The U.S. Energy Information Administration increased its West Texas Intermediate crude price forecast for 2013 after prices surged in July.
WTI, the grade traded in New York, will average $96.96 a barrel this year, up from the July projection of $94.65, the EIA, the Energy Department’s statistical unit, said today in its monthly Short-Term Energy Outlook. The U.S. benchmark grade will average $92.96 in 2014, up from the previous month’s estimate of $91.96.
The EIA forecast that Brent, the benchmark grade for more than half the world’s oil, will average $105.80 a barrel in 2013, up $1.12 from last month’s prediction, and $99.75 in 2014. The average cost of domestic and imported grades used by U.S. refiners will be $103.06 a barrel this year, up $2.41 from the July estimate of $100.65, and $98.43 next year.
“Projections were changed because oil prices surged in the first three weeks of July,” said Tancred Lidderdale, an economist with the EIA in Washington who helped write the report. “Prices climbed more than we forecast.”
Crude for September delivery fell $1.26, or 1.2 percent, to settle at $105.30 a barrel on the New York Mercantile Exchange. WTI climbed 8.8 percent in July. Brent oil for September slipped 52 cents, or 0.5 percent, to end the session at $107.91 on the London-based ICE Futures Europe exchange.
The forecast spread between Brent and WTI is about $9 a barrel for 2013, down from last month’s projection of $10. The spread, which surged to a monthly average of $21 in February, fell to an average $3 In July. The WTI discount should widen to $6 by the end of the year, the EIA said.
Falling inventories at Cushing, Oklahoma, the delivery point for New York futures, helped spur July’s rally and reduce the gap between WTI and Brent, Lidderdale said. Supplies at the hub dropped to 42.1 million barrels in the week ended July 26, the least since April 20, 2012, EIA data show.
Pipelines in Alberta were shut after flooding caused a leak in June. The opening of a new unit at the BP Plc refinery in Whiting, Indiana, and the completion of additional pipeline and rail capability is providing outlets for surging supplies in the central U.S. and increased WTI prices.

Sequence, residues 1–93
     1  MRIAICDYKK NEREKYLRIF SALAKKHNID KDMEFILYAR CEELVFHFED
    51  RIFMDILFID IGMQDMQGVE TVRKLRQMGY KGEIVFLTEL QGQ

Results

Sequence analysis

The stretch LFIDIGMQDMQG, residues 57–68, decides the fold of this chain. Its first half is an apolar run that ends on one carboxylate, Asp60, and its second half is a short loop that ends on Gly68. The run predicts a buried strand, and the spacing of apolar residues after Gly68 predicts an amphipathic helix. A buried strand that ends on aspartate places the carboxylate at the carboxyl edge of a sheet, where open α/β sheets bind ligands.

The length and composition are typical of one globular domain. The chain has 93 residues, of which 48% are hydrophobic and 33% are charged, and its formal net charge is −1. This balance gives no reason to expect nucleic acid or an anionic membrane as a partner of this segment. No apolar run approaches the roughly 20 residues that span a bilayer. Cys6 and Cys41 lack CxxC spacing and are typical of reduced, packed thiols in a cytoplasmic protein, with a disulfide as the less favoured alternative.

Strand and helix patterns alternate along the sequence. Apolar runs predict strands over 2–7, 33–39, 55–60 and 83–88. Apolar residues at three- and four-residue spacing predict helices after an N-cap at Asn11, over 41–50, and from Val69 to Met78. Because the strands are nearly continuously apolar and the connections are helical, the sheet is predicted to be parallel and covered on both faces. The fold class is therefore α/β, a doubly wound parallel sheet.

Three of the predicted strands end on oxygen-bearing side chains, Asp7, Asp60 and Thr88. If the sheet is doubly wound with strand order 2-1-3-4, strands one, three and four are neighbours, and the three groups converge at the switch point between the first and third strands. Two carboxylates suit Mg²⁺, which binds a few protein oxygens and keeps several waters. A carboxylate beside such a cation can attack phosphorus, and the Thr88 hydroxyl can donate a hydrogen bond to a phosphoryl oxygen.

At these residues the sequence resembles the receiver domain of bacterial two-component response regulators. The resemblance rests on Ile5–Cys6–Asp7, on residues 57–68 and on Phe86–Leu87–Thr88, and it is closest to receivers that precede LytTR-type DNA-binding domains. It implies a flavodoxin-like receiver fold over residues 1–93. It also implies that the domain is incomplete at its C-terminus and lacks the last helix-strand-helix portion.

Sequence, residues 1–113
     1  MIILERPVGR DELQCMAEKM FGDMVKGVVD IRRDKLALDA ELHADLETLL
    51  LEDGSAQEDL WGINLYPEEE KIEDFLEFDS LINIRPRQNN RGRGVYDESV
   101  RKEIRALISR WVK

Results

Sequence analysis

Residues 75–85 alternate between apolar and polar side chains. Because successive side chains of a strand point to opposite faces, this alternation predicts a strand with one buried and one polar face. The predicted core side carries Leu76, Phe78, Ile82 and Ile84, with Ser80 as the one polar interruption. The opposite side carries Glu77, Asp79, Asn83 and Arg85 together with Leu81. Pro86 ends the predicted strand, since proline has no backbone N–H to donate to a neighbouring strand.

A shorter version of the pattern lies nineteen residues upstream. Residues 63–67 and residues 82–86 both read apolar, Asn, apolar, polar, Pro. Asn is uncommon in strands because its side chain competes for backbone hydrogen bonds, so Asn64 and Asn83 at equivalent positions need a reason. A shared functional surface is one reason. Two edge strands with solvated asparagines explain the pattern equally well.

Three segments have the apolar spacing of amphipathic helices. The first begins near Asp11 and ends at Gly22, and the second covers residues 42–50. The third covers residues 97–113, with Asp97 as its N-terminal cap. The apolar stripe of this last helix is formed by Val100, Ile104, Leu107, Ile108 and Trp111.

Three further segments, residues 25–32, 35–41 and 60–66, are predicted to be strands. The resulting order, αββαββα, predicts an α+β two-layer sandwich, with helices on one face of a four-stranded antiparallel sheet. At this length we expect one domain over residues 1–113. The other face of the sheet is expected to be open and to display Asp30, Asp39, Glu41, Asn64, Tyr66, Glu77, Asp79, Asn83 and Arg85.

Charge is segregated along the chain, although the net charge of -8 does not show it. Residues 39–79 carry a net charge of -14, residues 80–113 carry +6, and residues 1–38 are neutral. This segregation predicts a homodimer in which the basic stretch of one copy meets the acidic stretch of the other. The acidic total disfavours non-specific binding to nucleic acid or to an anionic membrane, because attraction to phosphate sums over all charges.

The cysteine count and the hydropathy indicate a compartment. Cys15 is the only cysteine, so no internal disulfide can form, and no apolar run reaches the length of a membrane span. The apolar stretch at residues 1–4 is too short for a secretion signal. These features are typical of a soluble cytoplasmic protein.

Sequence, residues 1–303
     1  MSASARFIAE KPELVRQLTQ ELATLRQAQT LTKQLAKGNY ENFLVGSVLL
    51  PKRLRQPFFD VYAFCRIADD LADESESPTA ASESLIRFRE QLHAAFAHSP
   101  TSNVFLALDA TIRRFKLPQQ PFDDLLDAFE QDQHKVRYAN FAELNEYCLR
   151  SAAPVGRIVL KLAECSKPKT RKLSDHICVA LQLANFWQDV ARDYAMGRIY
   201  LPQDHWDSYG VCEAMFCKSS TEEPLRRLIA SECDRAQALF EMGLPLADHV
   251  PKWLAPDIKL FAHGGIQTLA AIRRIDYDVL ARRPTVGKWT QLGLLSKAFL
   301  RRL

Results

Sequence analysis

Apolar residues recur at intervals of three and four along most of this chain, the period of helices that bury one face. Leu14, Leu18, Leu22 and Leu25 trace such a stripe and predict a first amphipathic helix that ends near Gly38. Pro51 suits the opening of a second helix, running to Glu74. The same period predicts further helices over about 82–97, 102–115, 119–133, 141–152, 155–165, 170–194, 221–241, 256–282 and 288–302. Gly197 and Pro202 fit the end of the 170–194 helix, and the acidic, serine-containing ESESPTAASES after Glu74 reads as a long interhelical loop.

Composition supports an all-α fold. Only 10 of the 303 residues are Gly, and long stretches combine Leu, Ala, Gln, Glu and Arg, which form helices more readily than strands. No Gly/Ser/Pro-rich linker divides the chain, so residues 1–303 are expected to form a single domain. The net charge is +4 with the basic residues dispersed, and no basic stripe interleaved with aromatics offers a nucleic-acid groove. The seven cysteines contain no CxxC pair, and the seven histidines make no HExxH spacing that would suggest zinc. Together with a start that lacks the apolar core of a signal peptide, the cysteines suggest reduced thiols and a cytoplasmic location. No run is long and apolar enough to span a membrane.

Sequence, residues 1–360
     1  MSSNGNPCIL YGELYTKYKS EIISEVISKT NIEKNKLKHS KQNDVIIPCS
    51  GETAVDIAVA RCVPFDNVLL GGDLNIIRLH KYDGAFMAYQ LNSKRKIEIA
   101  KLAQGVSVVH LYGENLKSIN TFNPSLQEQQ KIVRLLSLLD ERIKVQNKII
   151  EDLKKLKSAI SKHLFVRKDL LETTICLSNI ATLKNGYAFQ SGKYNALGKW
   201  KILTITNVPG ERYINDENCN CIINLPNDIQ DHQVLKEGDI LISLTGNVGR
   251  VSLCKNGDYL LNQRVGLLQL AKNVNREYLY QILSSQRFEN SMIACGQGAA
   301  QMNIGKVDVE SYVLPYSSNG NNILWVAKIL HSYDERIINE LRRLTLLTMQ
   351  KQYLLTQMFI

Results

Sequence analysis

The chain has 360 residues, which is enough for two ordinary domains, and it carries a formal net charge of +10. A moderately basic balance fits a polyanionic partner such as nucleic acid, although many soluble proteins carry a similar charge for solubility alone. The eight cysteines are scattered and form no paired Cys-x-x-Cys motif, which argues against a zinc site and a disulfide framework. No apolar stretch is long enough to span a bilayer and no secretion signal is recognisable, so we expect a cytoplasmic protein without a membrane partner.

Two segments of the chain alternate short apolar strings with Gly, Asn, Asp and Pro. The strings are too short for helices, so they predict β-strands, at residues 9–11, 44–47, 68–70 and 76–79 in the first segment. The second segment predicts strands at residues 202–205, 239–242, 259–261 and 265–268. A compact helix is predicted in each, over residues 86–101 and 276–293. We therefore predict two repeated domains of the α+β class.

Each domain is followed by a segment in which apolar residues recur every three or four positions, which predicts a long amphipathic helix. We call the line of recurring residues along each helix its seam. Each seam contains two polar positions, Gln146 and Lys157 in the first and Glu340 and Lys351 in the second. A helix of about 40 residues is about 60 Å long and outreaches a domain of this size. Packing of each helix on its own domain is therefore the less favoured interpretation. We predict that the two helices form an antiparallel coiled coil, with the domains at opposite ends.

“The spread between WTI and Brent has come in a great deal because of what’s occurred in the midcontinent over the last couple of months,” Lidderdale said. “This has contributed to a draw at Cushing the size of which we haven’t seen in quite awhile.”
U.S. crude production jumped to an average 7.5 million barrels a day in July, the EIA said. The agency forecast output of 7.4 million in 2013 and 8.2 million in 2014, both about 100,000 barrels a day higher than last month’s forecast.
Crude output in July was “the highest for any month since 1991,” Adam Sieminski, the administrator of the EIA, said in a statement. “EIA expects that U.S. monthly crude-oil production will exceed U.S. crude-oil imports as early as October, the first time this will have happened since February 1995.”
Oil production outside of the Organization of Petroleum Exporting Countries will rise 2.4 percent from 2012 to 53.99 million barrels a day this year, led by gains in the U.S. and Canada. The 2013 output projection was increased 50,000 barrels from July’s report.
OPEC members will produce 35.79 million barrels a day this year, the EIA said. Last month’s forecast was 35.95 million.
The 12-member group pumped 29.96 million barrels a day of crude in July, down from 30.02 million produced the prior month, EIA data showed. Saudi Arabia, the group’s biggest producer, pumped 9.6 million barrels a day last month, unchanged from June. OPEC’s non-crude oil liquids output was 5.83 million barrels a day last month.
The EIA decreased its forecast for global oil consumption this year to 89.99 million barrels a day from 90.05 million estimated last month. Demand will climb to 91.21 million in 2014, down from the July estimate of 91.29 million.
U.S. oil consumption will average 18.69 million barrels a day in 2013, up from last month’s forecast of 18.66 million. Next year demand is projected to climb to 18.7 million.
“Since reaching 12.5 million barrels per day in 2005, total U.S. fuel net imports, including crude oil, have been falling and are expected to average less than 6 million barrels per day next year,” Sieminski said.
Consumption from the 30 members of the Organization for Economic Cooperation and Development will average 45.61 million barrels a day this year, up from 45.93 million last year and from last month’s forecast of 45.53 million. The prediction for 2014 is 45.43 million.
The OECD doesn’t include developing countries such as China, India and Brazil. The EIA reduced its forecast of consumption by non-OECD countries to 44.38 million barrels a day from 44.52 million in July. That would be a 3.3 percent gain from 42.97 million in 2012. Demand is expected to rise to 45.77 million next year.